They then tried a different tack. People are different sizes and have different activity levels. That also translates into having different calorie requirements. This, I thought, was a more promising way to go. It’s true that professional athletes need more calories than office workers, and there’s a range in between. But I was still hung up on the calorie counting. I mean, how realistic is it to think that people are going to count calories every day? It’s hard enough to eyeball and count servings. They really didn’t think it would be a problem.
As someone who has gone through the calorie counting era and made it to the other side just barely intact, I feel a fair bit of confidence in thinking that calories will not be replacing servings on the Canada Food Guide any time soon. I also couldn’t quite see how this switch to calories linked up with sustainability. But by then I had already pressed harder than a professor probably should press a group of students who are not her students. So I let it go and instead admired, with all sincerity, the work they’d put into their re-designed guide.
This same group divided fruits and veggies into two separate groups because, in their words, “vegetables are better.” Because they’re better, people should eat more of them than fruits. I didn’t want to press them on the point that in fact, most people don’t even eat the recommended portions of fruits/veggies combined, so maybe starting smaller would be a good thing (baby steps!). I also didn’t want to get into a discussion of demonizing food. I thought that any minute one of them was going to tell me that juice is evil.
The final group I chatted with had an excellent presentation to go with their poster, and each of the students had their own part of the script. I only made it through half because of time constraints, but this group more than any other focused on meat and milk alternatives as a key factor in sustainability. In their revised food guide, these things took a more prominent place in the daily recommendations than in the current guide, where they are specified more as a choice.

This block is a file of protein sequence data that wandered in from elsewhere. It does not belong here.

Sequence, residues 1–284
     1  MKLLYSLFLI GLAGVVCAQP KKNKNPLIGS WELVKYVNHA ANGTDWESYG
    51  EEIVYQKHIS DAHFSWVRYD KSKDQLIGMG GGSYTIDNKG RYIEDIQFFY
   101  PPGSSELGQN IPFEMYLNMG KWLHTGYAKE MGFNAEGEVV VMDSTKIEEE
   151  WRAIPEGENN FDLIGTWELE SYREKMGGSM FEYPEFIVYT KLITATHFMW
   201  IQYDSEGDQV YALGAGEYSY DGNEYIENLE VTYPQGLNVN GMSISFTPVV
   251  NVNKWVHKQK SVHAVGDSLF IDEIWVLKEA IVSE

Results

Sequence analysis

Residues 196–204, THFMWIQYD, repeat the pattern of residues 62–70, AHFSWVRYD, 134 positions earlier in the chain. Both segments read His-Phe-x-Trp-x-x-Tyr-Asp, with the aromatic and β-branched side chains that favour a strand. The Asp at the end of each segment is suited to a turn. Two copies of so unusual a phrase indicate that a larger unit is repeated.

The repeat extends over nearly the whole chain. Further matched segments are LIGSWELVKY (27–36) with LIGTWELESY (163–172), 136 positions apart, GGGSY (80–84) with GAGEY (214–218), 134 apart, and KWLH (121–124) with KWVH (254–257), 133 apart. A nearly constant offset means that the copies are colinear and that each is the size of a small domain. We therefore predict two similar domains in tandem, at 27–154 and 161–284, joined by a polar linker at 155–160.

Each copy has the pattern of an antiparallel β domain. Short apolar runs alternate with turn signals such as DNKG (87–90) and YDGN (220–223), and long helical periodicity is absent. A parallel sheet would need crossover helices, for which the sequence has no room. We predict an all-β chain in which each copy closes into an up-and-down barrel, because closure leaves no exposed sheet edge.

Overall, the students did impressive work and they were well-prepared to talk about what motivated their respective approaches to the assignment.
I know that the philosophy of food class probably doesn’t think of diet rhetoric and food restriction as a major analytic lens. But my conversations with the students demonstrated to me that it wouldn’t be a bad idea to get them to think critically, not just about sustainability, but also about the assumptions they have that lie behind their thinking about food and what people “should” and “shouldn’t” eat. From a feminist perspective, I can’t help but think of all the assumptions people make about good foods, bad foods, healthy foods, unhealthy foods, right portions and wrong portions, and “counting” (whether calories or micronutrients and fat grams). If I was going to teach a course that took a critical stance on food production and consumption, I would definitely want to include some of that.
If you were teaching a course the philosophy of food, what sorts of topics do you think would be important to include?